*  The Gonzo Daily is - as the name implies - a daily online magazine (mostly) about artists connected to the Gonzo Multimedia group of companies. But it also has other stuff as and when the editor feels like it. The same team also do a weekly newsletter called - imaginatively - The Gonzo Weekly. Find out about it at this link:

    * We should probably mention here that some of our posts are links to things we have found on the internet that we think are of interest. We are not responsible for spelling or factual errors in other people's websites. Honest guv!

    *  Jon Downes, the editor of all these ventures (and several others), is an old hippy of 54 who, together with his orange cat (who is currently on sick leave in Staffordshire) and two very small kittens (one of whom is also orange), puts it all together from a converted potato shed in a tumbledown cottage deep in rural Devon, which he shares with various fish and sometimes a small Indian frog. He is ably assisted by his lovely wife Corinna, his bulldog/boxer Prudence, his elderly mother-in-law, and a motley collection of social malcontents. Plus... did we mention the orange cat?


    We are proud to support the global conservation efforts of the Turtle Survival Alliance (TSA). We are excited to announce that the TSA is a finalist in Toyota’s 100 Cars for Good Program. Now, they need your support!

    Tell your friends and vote for the Turtle Survival Alliance at www.toyota.com/facebook on October 10.

    Toyota’s 100 Cars for Good program will be awarding 100 vehicles to 100 nonprofits over the course of 50 days based on votes from the public. We are hoping to help the TSA win a new Toyota Tundra that will be used at their new Turtle Survival Center in South Carolina. To learn more about the TSA and to learn how to set a reminder to vote on October 10th, visit the TSA’s website: http://www.turtlesurvival.org/get-involved/100-cars-for-good.

    Acta Herpetologica 8(1)

    Acta Herpetologica 8(1)
    b2ap3_thumbnail_Acta8-1.jpgCanessa, Stefano, An Martel and Frank Pasmans. 2013. No detection of chytrid in first systematic screening of Bombina variegata pachypus (Anura: Bombinatoridae) in Liguria, northern Italy. Acta Herpetologica. 8 (1): 59-63. [ canessas@unimelb.edu.au]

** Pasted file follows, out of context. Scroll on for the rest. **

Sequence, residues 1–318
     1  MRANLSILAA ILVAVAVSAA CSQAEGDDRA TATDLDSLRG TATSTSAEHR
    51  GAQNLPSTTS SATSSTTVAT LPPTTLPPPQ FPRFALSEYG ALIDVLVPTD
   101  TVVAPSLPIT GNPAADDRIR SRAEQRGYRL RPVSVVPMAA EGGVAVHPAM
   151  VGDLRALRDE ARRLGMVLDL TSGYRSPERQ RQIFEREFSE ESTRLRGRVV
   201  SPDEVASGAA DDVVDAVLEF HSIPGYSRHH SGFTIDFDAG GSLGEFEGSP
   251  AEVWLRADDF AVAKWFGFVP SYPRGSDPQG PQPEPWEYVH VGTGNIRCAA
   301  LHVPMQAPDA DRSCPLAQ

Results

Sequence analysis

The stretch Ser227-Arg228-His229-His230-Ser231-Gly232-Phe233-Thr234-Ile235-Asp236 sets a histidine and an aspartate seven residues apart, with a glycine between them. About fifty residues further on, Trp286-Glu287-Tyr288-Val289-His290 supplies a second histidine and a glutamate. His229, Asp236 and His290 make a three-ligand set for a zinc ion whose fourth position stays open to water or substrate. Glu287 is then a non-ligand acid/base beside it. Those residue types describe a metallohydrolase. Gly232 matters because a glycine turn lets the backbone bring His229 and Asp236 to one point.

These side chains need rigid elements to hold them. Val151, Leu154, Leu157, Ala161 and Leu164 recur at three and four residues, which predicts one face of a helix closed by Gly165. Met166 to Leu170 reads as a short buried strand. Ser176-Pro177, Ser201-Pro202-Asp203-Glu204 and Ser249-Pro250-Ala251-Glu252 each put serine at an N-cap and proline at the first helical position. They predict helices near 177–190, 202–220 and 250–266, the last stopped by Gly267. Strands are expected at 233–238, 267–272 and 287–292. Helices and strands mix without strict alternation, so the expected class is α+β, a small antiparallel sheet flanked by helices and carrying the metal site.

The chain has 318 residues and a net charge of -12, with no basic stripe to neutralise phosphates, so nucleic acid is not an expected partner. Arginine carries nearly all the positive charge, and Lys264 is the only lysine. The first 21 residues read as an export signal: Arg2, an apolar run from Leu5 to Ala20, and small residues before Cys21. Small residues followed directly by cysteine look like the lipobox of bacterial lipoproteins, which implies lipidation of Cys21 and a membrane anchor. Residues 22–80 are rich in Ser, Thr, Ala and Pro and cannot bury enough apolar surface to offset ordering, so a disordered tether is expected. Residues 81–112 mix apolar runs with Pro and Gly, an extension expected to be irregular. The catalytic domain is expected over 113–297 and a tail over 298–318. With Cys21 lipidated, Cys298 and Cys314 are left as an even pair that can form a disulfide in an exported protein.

Castiglia, Riccardo, Alexandra Maria Ramos Bezerra, Oscar Flores-Villela, Flavia Annesi, Antonio Muñoz and Ekaterina Gornung. 2013. Comparative cytogentics of two species of ground skinks: Scincella assata and S. cherriei (Squamata: Scincidae: Lygosominae) from Chiapas, Mexico. Acta Herpetologica. 8 (1): 69-73. [ castiglia@uniroma1.it]
    Delaugerre, Michel-Jean. 2013. Going out tonight? When insular Hierophis viridiflavus breaks the Whip Snakes rules. Acta Herpetologica. 8 (1): 47-52. [ m.delauggere@conservatoire-du-littoral.fr]
    Gutierrez, Joel Antu, Carla Piantoni and Nora R. Ibargüengoytía. 2013. Altitudinal effects on life history parameters in populations of Liolaemus pictus argentinus (Sauria: Liolaemidae). Acta Herpetologica. 8 (1): 9-17. [ carla.piantoni@gmail.com]
    Gvozdik, Vaclav, Veronika Javurkova and Oldrich Kopecky. 2013. First evidence of a paedomorphic population of the smooth newt (Lissotriton vulgaris) in the Czech Republic. Acta Herpetologica. 8 (1): 53-57. [ kopeckyo@af.czu.cz]
    Hojati, Vida, Kazem Parivar, Eskandar Rastegar-Pouyani and Abdolhossein Shiravi. 2013. The oogenic cycle of the Caspian Bent-toed Gecko, Cyrtopodion caspium (Squamata: Gekkonidae) in Iran. Acta Herpetologica. 8 (1): 1-8. [ vida.hojati@gmail.com]
    Kaliontzopoulou, Antigoni, Daniele Salvi, Veronica Gomes, João P. M. C. Maia and Panagiotis Kaliontzopoulos. 2013. Polydactyly in the Tyrrhenian Wall Lizard (Podarcis tiliguerta). Acta Herpetologica. 8 (1): 75-78. [ antigoni@cibio.up.pt]
    Kleewein, Andreas and Günther Wöss. 2013. Status of the European Pond Turtle, Emys orbicularis (Reptilia: Testudines: Emydidae) in Vorarlberg, Austria. Acta Herpetologica. 8 (1): 65-67. [ andreas.kleewein@gmx.net]
    Nakamura, Yasuyuki, Akio Takahashi and Hidetoshi OTA. 2013. Recent cryptic extinction of squamate reptiles on Yoronjima Island of the Ryukyu Archipelago, Japan, inferred from garbage dump remains. Acta Herpetologica. 8 (1): 19-34. [ ynaka.riukiaria@gmail.com]
    Razzetti, Edoardo. 2013. Book review: Roberto Sindaco, Altero Venchi, Cristina Grieco. The Reptiles of the Western Palearctic. 2. Annotated checklist and distributional atlas of the snakes of Europe, North Africa, Middle East and Central Asia, with an update to the Vol. 1. Acta Herpetologica. 8 (1): 79-80. [ razzetti@unipv.it]
    Sukalo, Goran, Sonia Dordevic, Dragojla Golub, Dejan Dmitrovic and Ljiljana Tomovic. 2013. Novel, non-invasive method for distinguishing the individuals of the Fire Salamander (Salamandra salamandra) in capture-mark-recapture studies. Acta Herpetologica. 8 (1): 41-45. [ sukalogoran@yahoo.com]
    Zuffi, Marca A. L. and Chiara Giannelli. 2013. Trophic niche and feeding biology of the Italian Wall Lizard, Podarcis siculus campestris (De Betta, 1857) along western Mediterranean coast. Acta Herpetologica. 8 (1): 35-39. [ marcoz@museo.unipi.it]

    CRYPTOLINK: It's a fake! Skipper who took 'the most convincing Loch Ness Monster photograph ever' admits it was a hoax

    Evidence? Mr Edwards' picture that he claims proves the existence of Nessie
    • It's a fake! Skipper who took 'the most convincing Loch Ness Monster photograph ever' admits it was a hoax
    • Boat tour guide George Edwards, 61, published image in August last year Skipper re-photographed a fake hump that featured in a National Geographic documentary in 2011Mr Edwards admitted yesterday he'd created fake for 'just a bit of fun'
    • Expert Steve Feltham says skipper is 'nothing more than a faker and a liar'
    • Image will join host of phoney pictures of the monster, including the famous 'Surgeon's Photograph' taken by Dr Robert Kenneth Wilson in 1934

    Read on...

    OLL LEWIS: Yesterday's News Today